let's return to the sensory cortex and look at music again. (I like music as an example because it is easy to see all the issues the neocortex must solve.) Invariant representation in music is illustrated by your ability to recognize a melody in any key.

Think of the song "Somewhere over the Rainbow." You probably can't recall the key she sang it in (A flat). If I sit down at a piano and start to play the song in a key in which you've never heard it — say, in D — it will sound like the same song.

The memory must store the important relationships in the song, not the actual notes. In this case, the important relationships are the relative pitch if the notes, or "intervals." "Somewhere over the Rainbow" begins with an octave up. followed by a halftone down, followed by a major third down, and so on.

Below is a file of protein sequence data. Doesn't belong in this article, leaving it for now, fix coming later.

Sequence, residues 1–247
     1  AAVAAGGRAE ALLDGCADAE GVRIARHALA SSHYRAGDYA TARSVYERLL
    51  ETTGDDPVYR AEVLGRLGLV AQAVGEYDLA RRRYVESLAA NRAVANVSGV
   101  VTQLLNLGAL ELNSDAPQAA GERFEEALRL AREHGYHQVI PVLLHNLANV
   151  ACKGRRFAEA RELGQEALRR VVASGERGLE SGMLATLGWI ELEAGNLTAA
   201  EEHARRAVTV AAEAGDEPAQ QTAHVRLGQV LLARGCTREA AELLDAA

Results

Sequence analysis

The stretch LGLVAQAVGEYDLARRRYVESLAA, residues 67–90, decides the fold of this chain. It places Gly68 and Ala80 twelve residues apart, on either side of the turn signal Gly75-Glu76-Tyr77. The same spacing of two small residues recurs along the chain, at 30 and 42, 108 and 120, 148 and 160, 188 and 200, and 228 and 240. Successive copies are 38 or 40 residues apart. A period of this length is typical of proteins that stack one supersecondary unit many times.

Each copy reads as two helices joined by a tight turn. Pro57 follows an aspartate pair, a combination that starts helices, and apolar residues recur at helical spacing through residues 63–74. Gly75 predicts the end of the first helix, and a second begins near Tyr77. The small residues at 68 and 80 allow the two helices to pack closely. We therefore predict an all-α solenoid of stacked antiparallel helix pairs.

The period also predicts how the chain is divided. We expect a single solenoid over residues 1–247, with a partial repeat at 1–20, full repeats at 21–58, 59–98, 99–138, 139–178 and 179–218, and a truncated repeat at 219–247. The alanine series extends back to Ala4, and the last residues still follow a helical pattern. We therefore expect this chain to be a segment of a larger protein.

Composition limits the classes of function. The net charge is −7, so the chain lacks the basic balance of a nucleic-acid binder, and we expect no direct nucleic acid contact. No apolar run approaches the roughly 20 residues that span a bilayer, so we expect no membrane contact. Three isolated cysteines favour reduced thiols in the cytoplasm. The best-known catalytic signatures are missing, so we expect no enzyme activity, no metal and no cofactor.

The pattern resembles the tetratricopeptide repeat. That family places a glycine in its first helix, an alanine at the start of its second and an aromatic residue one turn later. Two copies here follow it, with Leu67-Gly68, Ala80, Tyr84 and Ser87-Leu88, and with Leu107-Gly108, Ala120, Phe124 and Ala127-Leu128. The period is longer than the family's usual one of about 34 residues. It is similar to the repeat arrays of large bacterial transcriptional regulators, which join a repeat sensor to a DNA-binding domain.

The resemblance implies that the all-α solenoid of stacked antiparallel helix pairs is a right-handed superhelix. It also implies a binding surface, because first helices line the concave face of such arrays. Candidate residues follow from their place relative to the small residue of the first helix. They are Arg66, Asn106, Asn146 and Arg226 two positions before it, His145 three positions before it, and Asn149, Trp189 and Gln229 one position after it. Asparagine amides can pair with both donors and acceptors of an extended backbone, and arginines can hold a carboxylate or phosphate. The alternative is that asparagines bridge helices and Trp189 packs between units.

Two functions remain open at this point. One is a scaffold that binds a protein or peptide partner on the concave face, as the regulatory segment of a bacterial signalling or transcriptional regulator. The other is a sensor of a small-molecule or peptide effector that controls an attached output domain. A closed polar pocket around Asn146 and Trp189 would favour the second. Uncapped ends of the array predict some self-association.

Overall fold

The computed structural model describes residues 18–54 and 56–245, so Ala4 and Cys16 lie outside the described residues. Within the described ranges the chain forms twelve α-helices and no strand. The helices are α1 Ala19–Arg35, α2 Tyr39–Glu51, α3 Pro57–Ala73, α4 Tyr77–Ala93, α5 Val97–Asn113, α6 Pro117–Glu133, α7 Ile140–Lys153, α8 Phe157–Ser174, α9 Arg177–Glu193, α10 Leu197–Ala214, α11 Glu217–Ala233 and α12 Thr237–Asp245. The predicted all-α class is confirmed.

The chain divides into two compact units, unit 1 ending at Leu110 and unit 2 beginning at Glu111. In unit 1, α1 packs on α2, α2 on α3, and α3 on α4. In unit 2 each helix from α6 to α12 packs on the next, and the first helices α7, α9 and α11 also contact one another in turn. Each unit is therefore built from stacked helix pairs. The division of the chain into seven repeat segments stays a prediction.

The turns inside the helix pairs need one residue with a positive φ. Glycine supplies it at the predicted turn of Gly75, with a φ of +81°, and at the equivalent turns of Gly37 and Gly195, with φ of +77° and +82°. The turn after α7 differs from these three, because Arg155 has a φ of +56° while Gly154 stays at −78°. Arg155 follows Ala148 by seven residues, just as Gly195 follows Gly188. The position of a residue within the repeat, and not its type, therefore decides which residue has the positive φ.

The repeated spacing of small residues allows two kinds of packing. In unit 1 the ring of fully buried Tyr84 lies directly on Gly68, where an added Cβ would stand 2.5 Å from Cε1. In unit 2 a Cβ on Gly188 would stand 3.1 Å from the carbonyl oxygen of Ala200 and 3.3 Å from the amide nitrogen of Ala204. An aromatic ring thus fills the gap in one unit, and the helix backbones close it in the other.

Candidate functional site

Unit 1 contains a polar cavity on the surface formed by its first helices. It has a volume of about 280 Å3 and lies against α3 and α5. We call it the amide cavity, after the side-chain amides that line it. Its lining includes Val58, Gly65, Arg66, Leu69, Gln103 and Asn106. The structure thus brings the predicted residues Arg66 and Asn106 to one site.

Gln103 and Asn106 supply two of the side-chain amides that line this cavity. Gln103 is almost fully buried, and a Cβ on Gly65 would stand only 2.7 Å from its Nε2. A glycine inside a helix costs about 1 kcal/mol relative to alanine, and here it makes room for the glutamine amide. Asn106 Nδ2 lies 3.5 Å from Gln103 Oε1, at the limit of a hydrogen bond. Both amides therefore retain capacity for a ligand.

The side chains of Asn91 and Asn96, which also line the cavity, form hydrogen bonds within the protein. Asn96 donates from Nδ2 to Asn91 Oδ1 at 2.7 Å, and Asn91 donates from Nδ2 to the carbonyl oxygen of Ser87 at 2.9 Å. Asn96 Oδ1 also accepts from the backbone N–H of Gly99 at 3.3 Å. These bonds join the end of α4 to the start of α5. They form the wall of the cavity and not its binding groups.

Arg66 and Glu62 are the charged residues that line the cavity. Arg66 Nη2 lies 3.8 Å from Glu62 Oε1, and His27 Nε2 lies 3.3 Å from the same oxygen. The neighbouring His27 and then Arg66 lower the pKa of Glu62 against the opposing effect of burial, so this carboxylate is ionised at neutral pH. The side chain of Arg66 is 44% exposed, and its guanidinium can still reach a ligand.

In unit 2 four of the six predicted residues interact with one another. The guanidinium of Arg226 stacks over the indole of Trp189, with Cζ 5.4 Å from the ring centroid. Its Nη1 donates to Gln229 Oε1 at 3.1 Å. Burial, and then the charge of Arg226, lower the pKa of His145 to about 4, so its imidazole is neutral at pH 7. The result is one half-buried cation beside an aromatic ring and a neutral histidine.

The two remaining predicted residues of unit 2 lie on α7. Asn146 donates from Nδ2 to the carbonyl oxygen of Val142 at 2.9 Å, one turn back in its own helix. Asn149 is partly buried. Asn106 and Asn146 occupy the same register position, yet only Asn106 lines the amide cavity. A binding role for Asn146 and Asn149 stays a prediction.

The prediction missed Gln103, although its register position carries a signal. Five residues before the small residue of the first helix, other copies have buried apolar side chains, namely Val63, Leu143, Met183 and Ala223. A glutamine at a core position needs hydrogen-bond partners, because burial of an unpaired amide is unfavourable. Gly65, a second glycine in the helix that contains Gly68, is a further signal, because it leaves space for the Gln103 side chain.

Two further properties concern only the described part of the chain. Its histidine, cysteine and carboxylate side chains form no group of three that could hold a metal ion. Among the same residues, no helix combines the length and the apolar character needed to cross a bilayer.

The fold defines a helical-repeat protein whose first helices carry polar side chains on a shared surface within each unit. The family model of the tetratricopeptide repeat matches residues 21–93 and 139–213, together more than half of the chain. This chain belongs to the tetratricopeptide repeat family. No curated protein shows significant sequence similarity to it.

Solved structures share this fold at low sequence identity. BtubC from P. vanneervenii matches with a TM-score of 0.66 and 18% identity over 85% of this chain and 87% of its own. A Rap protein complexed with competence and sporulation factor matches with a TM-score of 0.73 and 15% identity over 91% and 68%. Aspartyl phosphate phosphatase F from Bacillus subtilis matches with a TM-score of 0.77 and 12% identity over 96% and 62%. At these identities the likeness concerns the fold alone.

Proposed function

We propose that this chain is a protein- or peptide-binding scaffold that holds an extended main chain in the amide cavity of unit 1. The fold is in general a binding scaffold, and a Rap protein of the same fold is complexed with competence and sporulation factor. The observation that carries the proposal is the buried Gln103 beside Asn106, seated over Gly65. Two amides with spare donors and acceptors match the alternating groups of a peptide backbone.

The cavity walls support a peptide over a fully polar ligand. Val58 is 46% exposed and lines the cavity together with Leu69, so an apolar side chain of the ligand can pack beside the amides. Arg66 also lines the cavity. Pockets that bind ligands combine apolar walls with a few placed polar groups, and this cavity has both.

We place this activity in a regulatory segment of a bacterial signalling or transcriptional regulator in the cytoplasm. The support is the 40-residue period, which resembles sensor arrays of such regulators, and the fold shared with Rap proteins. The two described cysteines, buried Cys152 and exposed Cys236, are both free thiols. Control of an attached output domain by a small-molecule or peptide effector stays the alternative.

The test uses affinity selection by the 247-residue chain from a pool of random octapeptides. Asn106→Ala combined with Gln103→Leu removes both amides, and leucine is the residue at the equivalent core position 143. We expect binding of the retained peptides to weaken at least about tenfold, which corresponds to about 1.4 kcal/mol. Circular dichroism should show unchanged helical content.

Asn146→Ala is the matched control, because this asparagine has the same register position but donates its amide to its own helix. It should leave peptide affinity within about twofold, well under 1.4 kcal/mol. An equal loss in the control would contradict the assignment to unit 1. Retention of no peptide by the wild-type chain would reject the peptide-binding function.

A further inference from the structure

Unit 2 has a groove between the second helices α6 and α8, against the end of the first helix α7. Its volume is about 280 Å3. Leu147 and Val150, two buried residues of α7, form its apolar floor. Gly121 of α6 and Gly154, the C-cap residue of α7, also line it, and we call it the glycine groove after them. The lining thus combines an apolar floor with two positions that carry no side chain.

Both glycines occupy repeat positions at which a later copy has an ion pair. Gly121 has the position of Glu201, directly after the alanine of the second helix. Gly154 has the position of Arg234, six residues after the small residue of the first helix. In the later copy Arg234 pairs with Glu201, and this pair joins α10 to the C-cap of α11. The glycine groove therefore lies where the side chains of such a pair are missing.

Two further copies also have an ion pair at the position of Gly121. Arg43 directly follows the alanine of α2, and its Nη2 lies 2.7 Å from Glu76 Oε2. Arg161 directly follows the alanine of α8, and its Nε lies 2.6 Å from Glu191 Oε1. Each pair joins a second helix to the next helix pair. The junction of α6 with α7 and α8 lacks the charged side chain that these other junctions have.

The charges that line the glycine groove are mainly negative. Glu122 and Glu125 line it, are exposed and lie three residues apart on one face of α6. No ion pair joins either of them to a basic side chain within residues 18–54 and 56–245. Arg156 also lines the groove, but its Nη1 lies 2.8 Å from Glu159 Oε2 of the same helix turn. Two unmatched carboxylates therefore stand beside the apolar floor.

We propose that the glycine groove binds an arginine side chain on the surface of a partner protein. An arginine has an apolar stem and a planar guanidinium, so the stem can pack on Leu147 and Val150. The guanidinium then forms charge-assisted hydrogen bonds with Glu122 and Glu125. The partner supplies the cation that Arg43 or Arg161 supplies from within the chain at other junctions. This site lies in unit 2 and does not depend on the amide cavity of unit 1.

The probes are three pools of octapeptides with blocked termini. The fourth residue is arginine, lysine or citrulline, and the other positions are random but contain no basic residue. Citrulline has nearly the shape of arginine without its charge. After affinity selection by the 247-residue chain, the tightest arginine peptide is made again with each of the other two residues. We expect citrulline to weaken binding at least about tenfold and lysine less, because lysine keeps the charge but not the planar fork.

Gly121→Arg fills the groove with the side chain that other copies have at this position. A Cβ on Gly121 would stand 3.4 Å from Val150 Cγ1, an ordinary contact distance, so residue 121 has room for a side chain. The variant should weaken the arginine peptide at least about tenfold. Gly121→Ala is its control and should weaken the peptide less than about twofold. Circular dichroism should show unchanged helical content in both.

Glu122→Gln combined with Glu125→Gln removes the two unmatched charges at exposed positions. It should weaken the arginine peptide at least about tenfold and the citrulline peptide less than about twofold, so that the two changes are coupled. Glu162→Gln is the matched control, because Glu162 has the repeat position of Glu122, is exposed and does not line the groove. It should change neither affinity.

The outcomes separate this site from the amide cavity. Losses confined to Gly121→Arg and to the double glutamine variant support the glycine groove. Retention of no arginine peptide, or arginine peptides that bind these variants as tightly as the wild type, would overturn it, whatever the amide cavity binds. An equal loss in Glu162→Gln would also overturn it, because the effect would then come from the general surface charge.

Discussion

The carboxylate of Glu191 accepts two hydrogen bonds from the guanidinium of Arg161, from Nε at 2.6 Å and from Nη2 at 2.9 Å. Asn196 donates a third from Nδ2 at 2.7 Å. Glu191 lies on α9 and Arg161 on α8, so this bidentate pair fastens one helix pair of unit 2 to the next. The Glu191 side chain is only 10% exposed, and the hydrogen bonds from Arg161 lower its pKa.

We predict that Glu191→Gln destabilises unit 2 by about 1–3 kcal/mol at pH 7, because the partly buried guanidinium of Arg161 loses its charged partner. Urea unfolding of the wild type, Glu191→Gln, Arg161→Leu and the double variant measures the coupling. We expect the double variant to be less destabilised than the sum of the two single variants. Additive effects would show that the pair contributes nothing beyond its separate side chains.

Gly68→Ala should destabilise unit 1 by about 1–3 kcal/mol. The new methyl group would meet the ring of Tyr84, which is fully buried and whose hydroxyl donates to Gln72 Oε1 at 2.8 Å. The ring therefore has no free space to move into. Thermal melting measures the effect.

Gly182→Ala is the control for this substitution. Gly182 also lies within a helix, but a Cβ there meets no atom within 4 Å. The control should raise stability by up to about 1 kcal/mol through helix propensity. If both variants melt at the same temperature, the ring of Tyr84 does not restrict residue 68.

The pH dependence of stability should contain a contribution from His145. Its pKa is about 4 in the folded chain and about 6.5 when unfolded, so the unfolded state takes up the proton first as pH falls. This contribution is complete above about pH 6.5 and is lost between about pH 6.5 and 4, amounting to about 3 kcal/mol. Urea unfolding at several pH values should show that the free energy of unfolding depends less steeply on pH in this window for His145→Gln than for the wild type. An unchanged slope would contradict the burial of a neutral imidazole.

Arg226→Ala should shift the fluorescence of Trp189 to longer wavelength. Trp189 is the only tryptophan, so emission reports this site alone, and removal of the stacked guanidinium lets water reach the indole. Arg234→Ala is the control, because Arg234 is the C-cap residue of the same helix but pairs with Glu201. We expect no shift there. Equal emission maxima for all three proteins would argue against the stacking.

Similarly, the memory of your friend's face must also be stored in a form that is independent of any particular view. What makes her face recognizable are its relative dimensions, relative colors, and relative proportions, not how it appeared one instant last Tuesday at lunch. There are "spatial intervals" between the features of her face just as there are "pitch intervals" between the notes of a song.

When you memorize her face, you memorize these relative attributes.

James Gurney said...

Michael, I'm glad you're enjoying the blog, and thanks for sharing these insights into how we store memories. I'll look into that book.

Extending then from familiar melodies to the holistic grasp we have of faces, it's amazing how we can recognize a face not only at different angles, but in different lighting, with beards or sunglasses, or covered with face paint.

And it's interesting how we can recognize a face and fail to remember the context or the name, as if that is coded differently.

EmamulMottakin said...